[rabbitmq-discuss] Persistence and Transactions

Tim Watson tim at rabbitmq.com
Sat Dec 29 01:41:03 GMT 2012


On 28 Dec 2012, at 18:00, CJ wrote:

> I got the coding examples for producing and consuming transactions from this
> site
> https://gist.github.com/613157
> In this example a txcommit is used by the producer, but not the consumer

That's your choice, you can use a transaction in the consumer as well if you wish. Just remember that doing so will create a completely separate transaction which has nothing to do with the producer's transaction. The hint (about the scope of transactions) is in the fact that the producer and consumer threads in that application are using separate connections. Even if the consumer was transactional, that would be completely independent of the producer's transaction, which would continue to govern only the publication of messages. This would only cease to be the case if both producing and consuming were taking place over the same channel.

> My questrion involves the Consumer.  I understand that a rollback is not
> possible on a nextDelivery (only on the sending side), and that only ACKS on
> consumers are transacted
> I noticed that the consumer does NOT have a txcommit or a txSelect.   

That's a design decision really. The point about that gist is that even if the consumer had a transaction running, that transaction would *not* interact with the producer's transaction in any way. If the producer committed then the messages would become visible to the consumer. Whether or not the consumer is using a transaction is of no relevance to the producer as transactions are scoped to a single channel.

> So do you actually need a txcommit on a consumer since only the ACK is
> transacted.  Does the ACK tramsaction happen automatically without a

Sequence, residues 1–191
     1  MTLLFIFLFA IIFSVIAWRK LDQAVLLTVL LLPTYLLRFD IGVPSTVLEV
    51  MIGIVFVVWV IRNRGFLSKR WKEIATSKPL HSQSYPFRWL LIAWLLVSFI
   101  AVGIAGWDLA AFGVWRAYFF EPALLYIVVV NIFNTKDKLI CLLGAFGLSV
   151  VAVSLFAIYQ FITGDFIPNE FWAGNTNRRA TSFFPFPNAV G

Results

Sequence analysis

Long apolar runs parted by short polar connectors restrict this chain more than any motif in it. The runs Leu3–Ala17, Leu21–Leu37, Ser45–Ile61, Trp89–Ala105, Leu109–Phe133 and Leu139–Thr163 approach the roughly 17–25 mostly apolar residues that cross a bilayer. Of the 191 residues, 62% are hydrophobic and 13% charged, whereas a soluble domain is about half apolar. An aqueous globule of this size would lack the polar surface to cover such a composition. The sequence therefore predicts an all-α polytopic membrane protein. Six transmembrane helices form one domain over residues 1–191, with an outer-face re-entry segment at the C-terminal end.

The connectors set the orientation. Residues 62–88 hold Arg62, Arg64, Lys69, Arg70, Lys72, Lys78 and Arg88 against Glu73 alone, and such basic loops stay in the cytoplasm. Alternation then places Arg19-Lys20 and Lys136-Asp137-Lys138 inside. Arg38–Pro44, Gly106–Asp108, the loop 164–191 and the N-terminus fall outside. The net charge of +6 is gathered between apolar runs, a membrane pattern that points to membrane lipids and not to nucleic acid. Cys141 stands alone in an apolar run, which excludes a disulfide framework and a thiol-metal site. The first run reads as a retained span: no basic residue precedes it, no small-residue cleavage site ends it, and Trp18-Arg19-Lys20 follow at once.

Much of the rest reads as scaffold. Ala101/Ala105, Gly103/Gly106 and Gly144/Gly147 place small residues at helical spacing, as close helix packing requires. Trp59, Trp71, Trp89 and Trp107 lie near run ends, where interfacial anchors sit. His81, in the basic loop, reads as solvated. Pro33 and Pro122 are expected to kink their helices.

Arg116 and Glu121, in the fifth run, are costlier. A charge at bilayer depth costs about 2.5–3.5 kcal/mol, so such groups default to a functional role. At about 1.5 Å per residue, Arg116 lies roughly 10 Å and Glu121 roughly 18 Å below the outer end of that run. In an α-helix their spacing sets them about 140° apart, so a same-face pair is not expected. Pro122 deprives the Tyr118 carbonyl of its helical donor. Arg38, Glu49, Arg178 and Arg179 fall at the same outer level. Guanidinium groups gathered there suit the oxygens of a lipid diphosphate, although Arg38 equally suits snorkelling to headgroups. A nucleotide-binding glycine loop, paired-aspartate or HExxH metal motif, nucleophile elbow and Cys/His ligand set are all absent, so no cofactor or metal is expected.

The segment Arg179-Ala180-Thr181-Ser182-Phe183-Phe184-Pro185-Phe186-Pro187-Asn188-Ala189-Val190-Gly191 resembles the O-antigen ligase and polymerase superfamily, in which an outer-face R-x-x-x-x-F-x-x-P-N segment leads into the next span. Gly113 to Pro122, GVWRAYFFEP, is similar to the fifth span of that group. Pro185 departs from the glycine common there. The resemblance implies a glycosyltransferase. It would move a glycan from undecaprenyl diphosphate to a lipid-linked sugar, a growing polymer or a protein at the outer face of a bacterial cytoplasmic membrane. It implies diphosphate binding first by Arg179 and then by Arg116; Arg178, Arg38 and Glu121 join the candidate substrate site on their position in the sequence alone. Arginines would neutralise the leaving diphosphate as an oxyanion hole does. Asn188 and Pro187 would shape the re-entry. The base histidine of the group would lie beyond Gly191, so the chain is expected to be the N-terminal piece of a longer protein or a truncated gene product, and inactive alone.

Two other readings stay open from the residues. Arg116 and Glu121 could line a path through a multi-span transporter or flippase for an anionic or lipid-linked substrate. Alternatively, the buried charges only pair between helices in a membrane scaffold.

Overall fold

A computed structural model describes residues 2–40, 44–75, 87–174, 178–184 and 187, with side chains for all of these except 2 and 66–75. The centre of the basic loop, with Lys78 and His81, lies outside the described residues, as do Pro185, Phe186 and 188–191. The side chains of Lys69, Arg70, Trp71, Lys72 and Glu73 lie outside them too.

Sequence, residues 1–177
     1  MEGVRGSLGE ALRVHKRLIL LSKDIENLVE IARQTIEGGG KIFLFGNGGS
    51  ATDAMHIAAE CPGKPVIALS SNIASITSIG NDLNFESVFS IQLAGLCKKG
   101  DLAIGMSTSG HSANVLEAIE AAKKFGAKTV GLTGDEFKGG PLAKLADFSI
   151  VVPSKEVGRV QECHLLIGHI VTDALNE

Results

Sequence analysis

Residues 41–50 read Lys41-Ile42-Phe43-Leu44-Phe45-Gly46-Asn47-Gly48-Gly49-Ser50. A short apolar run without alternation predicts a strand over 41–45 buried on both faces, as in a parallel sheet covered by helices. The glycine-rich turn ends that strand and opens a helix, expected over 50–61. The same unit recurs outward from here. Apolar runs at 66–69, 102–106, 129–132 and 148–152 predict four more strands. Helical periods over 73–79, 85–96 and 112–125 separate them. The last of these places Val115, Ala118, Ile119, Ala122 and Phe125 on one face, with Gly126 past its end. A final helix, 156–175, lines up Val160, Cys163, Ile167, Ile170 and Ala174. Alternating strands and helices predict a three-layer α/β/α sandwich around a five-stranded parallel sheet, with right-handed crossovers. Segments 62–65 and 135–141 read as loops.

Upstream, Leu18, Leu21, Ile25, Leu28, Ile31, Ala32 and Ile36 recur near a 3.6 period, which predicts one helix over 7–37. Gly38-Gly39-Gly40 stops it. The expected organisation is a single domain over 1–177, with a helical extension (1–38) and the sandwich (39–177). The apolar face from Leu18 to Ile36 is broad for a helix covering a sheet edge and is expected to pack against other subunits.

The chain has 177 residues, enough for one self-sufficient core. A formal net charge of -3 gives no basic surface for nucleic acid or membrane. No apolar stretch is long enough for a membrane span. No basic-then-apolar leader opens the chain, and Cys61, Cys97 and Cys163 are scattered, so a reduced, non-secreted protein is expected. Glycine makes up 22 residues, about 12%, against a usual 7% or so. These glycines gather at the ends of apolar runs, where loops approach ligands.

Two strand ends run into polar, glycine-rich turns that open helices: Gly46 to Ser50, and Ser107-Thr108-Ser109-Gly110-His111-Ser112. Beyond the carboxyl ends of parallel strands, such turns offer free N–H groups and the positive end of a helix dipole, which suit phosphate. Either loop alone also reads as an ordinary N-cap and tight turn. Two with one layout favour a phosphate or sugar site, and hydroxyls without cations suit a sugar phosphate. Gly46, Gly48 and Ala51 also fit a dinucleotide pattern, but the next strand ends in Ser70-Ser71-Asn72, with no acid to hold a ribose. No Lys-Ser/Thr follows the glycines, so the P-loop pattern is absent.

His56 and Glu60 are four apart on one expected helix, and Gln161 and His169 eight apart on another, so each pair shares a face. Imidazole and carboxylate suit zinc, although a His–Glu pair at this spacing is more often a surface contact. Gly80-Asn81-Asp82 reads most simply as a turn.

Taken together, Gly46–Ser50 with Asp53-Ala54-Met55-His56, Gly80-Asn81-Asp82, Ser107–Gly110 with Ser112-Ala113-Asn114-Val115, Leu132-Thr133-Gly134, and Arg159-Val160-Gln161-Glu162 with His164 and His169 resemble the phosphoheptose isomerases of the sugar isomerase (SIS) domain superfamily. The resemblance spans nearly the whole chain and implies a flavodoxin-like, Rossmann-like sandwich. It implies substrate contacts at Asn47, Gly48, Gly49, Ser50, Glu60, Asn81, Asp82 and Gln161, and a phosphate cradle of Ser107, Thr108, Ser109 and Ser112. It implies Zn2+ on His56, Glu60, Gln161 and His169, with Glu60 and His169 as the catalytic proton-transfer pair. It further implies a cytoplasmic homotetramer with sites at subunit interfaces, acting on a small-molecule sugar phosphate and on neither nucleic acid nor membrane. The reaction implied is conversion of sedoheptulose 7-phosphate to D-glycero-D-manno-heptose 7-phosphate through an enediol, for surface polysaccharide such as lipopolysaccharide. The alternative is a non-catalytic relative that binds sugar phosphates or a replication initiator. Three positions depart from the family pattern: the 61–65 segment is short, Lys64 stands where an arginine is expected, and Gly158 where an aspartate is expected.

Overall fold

> txcommit.  

No, the ACK is just handled normally because there is no transaction running for the consumer. Whether or not you want auto-ack or manual control over ACKs is up to you, but they're not transactional unless the channel is set to be so. Using transactions in a consumer provides a means to ACK received messages in a transaction context. Whether or not you want to be able to roll back consumed messages depends entirely on your application. The *common* case for this (and for transactions in AMQP in general) is, AFAICS, where the application is both publishing *and* consuming on the same channel, and wishes to be able to commit or roll back all the work of sending messages and sending ACKs for messages it has consumed as well, all in one 'bundle' as it were. For most users where the producer and consumer are decoupled, producer confirms are a better choice than transactions, although they offer different semantics.

> To have the fullest possible persistence on a consumer, is the consumer
> example in the link above sufficient for my purpose, and therefore I do not
> need a txselect or txcommit to get the ACK of the consumer transaction to be
> trasacted ?

I'm not really sure what you're asking here. It *sounds* like you're asking how to link the publishing and consuming parties into a single transaction, which would only work if they were running in the same application and using the same channel (and presumably the same thread). There is no way to get a publisher in App123 and a consumer in App456 to share a transaction context in that way.

Also, the question of 'persistence' with regards consuming messages is a bit confusing. If you want to be able to consume and message, send an ACK for it and then change your mind, then using a transaction on the consumer's channel is a good idea. If the tx is rolled back then the broker will subsequently consider the message as 'still requiring an ACK' although it will not redeliver it. If you *do* want to use transactions in the consumer then as I said, you'll need to make the consumer's channel transactional.

Hope that makes sense.


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